* Here is my persuasive essay for school and as you can imagine, I wrote it about sports.
Small market teams don’t stand a chance against
the big spenders in Major League Baseball.
At New Yankee Stadium,
Yankee fans cheer for “their” team, a team that had a payroll of $206,333,389
in 2010. One of their many star players, Alex Rodriguez, made thirty-three
million dollars last year.
However, at PNC Park, home of the Pittsburgh Pirates, Pirate
fans don’t cheer for a star player, because they don’t have one. In fact their
payroll last year was “just” $34,943,000. Is it fair that Alex Rodriguez made
nearly as much money as the entire Pittsburgh Pirates last year?
Much like their
payroll, the Yankees were at the top of the list when it came to winning. The
Pirates on the other hand, had one of the worst records in baseball. Major
League Baseball needs a salary cap.
A “salary cap” is a
limit on how much money teams can spend and/or how much money a player can
earn. It would level the playing field, increase fan attendance, and increase
team and league revenue.
However, if a salary cap was implemented, the
large market teams wouldn’t have enough money to have ten superstars on their
team. As a result of this, more superstars would have to play on “bad” teams
and the overall talent level would become more evenly divided among all thirty
Many casual baseball fans go to a game to see the
superstars. With the talent being more evenly divided, fans in Baltimore,
Pittsburgh, etc. will get to see more superstars play; thus increasing fan
attendance. Due to this increased interest and attendance of the game, the
league’s revenue would increase.
Personally, I’m a fan of the Boston Red Sox, who are a big
spender. With that said, is it fair that the Red Sox can out spend the Pirates
by over 160 million dollars?
Not everyone agrees on the topic of a salary cap. Some say
the fact that some teams can spend ridiculous amounts more money than other
teams is just a part of the game.
On one side, just because you have a high payroll doesn’t
mean you are going to be good. Despite having the third highest payroll in
baseball last year, the Cubs finished fifth in their division.
Then there are always teams like the Rangers and Rays, who
despite being in the bottom ten in payroll, made the playoffs.
However, there is one roadblock, the Players Association.
They would most likely reject anything about lowering player salaries. However,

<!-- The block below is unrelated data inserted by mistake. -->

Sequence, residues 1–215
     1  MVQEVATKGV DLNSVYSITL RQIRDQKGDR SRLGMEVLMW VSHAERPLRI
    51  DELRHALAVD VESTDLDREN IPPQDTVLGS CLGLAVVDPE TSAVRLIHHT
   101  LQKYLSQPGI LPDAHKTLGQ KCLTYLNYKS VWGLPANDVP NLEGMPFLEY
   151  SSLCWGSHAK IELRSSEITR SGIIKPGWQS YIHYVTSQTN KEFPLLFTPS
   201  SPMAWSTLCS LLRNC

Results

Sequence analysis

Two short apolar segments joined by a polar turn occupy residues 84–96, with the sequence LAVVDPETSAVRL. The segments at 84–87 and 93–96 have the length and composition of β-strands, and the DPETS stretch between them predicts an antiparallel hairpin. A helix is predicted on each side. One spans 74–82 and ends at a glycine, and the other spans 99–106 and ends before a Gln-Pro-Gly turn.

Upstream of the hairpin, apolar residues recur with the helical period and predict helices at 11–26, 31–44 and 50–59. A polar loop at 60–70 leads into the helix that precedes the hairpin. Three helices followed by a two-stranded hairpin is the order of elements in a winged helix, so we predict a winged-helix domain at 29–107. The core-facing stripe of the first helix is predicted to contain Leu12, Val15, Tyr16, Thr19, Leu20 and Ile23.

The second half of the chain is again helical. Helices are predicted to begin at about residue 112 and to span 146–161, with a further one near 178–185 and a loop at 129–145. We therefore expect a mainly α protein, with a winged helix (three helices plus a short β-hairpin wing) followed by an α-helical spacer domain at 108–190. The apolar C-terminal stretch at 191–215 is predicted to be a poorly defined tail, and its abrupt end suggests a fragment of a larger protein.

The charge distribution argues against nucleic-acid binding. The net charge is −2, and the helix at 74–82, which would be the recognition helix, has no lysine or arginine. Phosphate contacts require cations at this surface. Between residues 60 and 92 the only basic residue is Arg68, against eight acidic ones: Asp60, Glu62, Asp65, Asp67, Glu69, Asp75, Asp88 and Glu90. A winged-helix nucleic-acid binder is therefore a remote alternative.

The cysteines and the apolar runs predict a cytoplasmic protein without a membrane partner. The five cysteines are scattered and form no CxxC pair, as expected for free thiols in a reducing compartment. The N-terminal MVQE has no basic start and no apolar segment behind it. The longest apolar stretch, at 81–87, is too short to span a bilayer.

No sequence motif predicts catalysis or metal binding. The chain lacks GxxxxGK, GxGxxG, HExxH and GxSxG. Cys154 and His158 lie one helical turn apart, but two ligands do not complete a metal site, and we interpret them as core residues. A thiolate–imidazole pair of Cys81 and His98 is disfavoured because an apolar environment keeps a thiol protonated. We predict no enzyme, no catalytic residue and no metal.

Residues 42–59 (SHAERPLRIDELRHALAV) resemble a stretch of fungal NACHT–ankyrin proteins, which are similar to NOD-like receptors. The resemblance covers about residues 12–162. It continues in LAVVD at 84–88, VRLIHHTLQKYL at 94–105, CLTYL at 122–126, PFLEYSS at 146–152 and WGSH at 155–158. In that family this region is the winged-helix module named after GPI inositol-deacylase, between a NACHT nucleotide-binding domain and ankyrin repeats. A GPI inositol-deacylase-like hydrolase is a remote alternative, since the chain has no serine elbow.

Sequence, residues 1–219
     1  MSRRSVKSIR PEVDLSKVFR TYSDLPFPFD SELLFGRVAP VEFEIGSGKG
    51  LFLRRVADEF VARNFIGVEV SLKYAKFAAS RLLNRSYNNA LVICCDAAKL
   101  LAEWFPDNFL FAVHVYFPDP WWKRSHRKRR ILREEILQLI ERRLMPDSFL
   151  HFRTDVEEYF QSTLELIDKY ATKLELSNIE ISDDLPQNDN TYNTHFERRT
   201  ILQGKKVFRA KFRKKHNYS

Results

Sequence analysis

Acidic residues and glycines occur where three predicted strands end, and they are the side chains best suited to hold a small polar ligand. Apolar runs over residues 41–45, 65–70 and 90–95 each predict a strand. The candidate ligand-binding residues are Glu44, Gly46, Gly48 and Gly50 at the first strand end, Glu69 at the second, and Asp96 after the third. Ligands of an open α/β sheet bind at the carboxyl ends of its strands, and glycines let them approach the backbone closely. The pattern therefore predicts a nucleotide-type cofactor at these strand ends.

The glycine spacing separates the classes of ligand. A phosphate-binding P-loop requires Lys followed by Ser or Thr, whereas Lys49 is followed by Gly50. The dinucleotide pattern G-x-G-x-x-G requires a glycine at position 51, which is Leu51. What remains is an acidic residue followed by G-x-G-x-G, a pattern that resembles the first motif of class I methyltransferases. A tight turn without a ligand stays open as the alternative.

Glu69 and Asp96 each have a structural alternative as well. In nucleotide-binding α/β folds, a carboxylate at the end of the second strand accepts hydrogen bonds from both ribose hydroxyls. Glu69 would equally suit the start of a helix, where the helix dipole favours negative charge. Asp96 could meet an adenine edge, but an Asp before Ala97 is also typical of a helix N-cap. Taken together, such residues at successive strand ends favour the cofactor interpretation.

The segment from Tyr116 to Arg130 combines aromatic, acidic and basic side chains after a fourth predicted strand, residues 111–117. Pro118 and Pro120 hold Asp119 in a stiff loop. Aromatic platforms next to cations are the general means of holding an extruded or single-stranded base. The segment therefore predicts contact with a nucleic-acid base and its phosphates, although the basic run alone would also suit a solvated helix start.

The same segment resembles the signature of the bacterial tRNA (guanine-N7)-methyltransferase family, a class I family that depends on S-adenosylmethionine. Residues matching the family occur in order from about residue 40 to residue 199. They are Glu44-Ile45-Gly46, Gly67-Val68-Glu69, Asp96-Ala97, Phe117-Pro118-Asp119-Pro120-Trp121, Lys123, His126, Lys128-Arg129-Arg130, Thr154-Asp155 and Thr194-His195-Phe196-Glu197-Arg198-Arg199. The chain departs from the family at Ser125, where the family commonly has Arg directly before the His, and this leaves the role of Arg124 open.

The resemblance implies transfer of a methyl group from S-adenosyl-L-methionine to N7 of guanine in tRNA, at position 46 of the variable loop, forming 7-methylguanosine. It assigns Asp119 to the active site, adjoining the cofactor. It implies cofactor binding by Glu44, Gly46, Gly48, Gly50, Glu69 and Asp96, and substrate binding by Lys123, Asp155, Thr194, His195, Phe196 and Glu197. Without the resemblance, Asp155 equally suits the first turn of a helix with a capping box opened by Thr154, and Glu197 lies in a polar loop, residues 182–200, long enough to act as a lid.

I’m sure Alex Rodriguez can afford to give up a couple million dollars.
So, Bud Selig (the commissioner of the MLB), if you
know what is good for the league you need to try to implement a salary cap
*Sorry I forgot to post this a few days ago.
After 1,648 hits, 326 home runs,
1,090 runs batted in, 1,592 games, and parts of twelve seasons, Lance “The Big
Puma” Berkman is leaving Houston to play with Derek Jeter, Alex Rodriguez,
Mariano Rivera and the rest of the New York Yankees in the Big Apple.
It’s a bittersweet day in Houston.
On one side, the team is starting over and getting younger. On the other side,
you are losing a franchise player who played his college career (with the Rice
Owls) and pro career in Houston. Berkman has given the city of Houston so many
memories, good ones and bad ones.
Personally, I have two distinct
memories about Lance Berkman. The first autographed baseball I ever got was
Lance Berkman’s on my ninth birthday. However, In spring training of 2008,
while I was trying to get autographs, he went off the field, in a golf cart,
into the clubhouse, (the Astros clubhouse at their spring training park,
Osceola County Stadium, is on the other side of the left field fence) totally
ignoring the fans.
That day, Miguel Tejada, Jose
Valverde, Hunter Pence, and Wesley Wright, among others came a signed for the
me and the rest of the fans. I understand that fans do get a little crazy
sometimes. Ex-Astro Roy Oswalt use to only sign to small groups of fans while
with the Astros but spring training is different. Which, I understand.
Anyway, it has been a gradual
decline in power since 2006 when “Fat Elvis” hit 45 home runs. Since then, he
has hit 34, 29, 25 and 13 (in 85 games this year). And with the exception of
2008 when he drove in 106 runs his RBI totals have gone done every year since
2006 when he had 136 of them.
Now, I expect his power numbers to
increase with the dimensions of Yankees stadium and not having to face Josh
Johnson, Ubaldo Jimenez, Roy Hallady, or Mat Latos (who has a 0.99 WHIP) along
with the rest of the National League pitchers. However, the one thing that
could make his disappointing season even more disappointing would be if he
can’t play ball in the spotlight of New York City.
Card because Boston has already won the East. (Wow that was one of my best sentences ever in my opinion) Once your a Red Sox your a Red Sox for life, Pedro is not going to the Yankees. (Sorry but man I’m on a roll) Even though the Rays are rivals with Boston as of the 2009 season I do not care if a former Red Sox player that is 37 played for the Rays. Okay I do and Pedro would kill me but I want Pedro to be back and I want him to pitch and I want him to be happy even if he does play with the Rays. Now if it was with the Yankees well we might have some issues. (Dang best paragraph of my blogging career. 🙂
I know Cob is starting a fantasy baseball league so I thought for all you first timers I thought I would give you some tips.